Two reviews will shape the future for early career researchers.
Chief Scientist Cathy Foley’s report on research assessment is due in August and the Sheil Review of the Australian Research Council Act recommends empowering the ARC to review research performance.
Dr Foley’s project is informed by a survey commissioned from the Australian Council of Learned Academies and the Academy of the Social Sciences in Australia, to ascertain, in part, how “research assessment practices in universities, governments and the private sector shape research careers and how they influence researchers’ choices and priorities.”
But Margaret Sheil and colleagues came up with a conclusion that will put institutions on track to decide whose careers have legs. They call for the end of the Excellence in Research for Australia and Engagement and Impact reports, to be replaced by an ARC framework, “for regular evaluation and reporting … that allows the full impact of research funding to be assessed and the public benefit explained.”
One way or another, universities will look to ECRs to build institutional profiles – and many managements will look to individuals’ research citations to decide who to employ.
Which is a problem for many.
“A lot of how ‘success’ is defined for early and mid-career researchers is through metrics such as the number of citations and publications, impact factor, number of patents, amount and frequency of grant funding. We do hear the frustration of our community in perceiving that the value of our research and our value as researchers are being reduced to a list of bare and out-of-context numbers,” the Australian Academy of Science’s EMCR Forum acknowledges in its annual report.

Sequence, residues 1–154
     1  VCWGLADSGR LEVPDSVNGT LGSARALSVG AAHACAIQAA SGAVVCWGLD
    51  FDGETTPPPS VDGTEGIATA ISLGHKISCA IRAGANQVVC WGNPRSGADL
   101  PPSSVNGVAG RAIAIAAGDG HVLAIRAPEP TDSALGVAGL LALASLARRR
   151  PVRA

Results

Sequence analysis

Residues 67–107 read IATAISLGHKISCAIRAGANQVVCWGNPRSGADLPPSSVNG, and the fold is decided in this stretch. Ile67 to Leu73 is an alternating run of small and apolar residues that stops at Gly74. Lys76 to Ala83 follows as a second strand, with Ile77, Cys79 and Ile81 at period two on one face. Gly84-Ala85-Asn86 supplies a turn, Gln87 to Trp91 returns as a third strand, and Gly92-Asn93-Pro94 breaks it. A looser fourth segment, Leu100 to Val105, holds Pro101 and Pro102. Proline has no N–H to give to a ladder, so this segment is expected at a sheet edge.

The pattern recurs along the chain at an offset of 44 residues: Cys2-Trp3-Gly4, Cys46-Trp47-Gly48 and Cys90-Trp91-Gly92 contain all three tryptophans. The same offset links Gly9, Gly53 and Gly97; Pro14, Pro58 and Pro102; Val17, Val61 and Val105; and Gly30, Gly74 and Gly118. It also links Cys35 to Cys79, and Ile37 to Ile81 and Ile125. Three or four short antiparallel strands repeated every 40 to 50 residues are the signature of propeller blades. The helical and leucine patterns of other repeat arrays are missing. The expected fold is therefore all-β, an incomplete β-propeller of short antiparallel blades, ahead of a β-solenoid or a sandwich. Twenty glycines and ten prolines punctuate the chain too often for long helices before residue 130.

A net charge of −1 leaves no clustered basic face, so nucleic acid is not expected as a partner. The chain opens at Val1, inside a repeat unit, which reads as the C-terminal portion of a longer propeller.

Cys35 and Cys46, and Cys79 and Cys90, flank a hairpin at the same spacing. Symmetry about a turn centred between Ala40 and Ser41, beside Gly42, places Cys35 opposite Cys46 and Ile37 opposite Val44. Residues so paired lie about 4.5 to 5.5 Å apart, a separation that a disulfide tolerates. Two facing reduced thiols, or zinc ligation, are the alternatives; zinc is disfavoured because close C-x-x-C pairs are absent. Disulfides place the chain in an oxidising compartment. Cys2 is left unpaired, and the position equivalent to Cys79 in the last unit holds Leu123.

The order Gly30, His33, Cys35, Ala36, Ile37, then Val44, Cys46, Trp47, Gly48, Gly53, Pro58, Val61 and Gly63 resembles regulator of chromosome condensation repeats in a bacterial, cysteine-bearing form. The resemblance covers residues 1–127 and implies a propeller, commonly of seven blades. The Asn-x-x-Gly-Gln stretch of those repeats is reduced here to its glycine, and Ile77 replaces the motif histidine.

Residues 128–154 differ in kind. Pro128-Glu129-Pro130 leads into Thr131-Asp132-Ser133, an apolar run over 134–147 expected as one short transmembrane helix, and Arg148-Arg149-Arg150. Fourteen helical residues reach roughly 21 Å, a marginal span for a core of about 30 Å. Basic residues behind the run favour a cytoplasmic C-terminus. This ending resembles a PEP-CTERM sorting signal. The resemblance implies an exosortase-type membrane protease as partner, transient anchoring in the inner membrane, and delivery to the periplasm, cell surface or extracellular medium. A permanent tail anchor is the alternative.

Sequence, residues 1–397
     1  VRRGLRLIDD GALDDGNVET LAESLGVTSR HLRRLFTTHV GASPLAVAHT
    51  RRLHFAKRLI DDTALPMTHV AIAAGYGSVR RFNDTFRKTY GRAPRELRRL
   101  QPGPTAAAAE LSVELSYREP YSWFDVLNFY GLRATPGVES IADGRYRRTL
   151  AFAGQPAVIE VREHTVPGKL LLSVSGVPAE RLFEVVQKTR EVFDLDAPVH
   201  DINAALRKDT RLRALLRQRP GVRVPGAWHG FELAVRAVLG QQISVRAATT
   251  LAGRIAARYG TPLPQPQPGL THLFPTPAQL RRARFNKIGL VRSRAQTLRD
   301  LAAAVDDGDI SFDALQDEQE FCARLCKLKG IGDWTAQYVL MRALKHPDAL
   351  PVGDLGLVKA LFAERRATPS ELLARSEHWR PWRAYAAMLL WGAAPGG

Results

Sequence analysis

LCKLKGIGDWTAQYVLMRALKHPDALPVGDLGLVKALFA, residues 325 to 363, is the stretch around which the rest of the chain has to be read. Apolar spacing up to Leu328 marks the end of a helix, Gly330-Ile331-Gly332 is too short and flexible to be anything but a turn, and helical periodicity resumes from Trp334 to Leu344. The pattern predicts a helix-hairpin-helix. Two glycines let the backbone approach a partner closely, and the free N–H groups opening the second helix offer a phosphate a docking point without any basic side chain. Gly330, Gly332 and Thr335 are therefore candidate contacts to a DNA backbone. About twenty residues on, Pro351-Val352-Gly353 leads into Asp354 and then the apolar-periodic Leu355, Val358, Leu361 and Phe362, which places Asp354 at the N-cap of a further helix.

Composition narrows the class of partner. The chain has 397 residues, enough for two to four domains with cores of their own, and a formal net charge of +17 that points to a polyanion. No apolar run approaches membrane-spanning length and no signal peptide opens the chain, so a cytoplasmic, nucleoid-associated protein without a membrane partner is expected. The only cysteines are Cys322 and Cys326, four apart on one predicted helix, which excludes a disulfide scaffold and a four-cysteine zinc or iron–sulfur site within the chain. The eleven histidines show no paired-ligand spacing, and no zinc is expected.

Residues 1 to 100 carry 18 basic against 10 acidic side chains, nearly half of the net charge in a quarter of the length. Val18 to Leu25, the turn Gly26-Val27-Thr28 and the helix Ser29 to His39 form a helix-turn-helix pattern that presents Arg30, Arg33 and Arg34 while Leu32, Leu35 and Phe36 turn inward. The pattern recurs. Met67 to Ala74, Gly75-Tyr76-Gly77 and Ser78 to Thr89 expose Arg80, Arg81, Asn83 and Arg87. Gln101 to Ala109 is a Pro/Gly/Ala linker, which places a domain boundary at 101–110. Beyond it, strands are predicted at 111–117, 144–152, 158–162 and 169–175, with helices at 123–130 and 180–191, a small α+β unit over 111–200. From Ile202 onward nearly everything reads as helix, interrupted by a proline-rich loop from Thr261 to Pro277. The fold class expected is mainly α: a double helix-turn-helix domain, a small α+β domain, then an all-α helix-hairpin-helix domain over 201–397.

Which is not great for researchers in fields that are not citation-friendly. Lucy Montgomery from Curtin U’s Open Knowledge Initiative warns citations vary by discipline, with 70 per cent of work not indexed in some humanities fields.
The Sheil review also points to the way assumptions about measurement can shape outcomes, suggesting changes at the ARC have “compounded” problematic funding prospects for early career researchers. One is increasing the emphasis on investigator record in grant assessment, which “assumes the ‘concept of merit’ is unbiased and aligned with innate ability and creativity.”
Which can leave researchers bewildered.
As the San Francisco Declaration on Research Assessment puts it funding agencies should be, “explicit about the criteria used in evaluating the scientific productivity of grant applicants and clearly highlight, especially for early-stage investigators, that the scientific content of a paper is much more important than publication metrics or the identity of the journal in which it was published.”
As Professor Montgomery points out, researchers need transparency of inputs and to be able to understand their own data. “Career progress should not depend on numbers,” she says.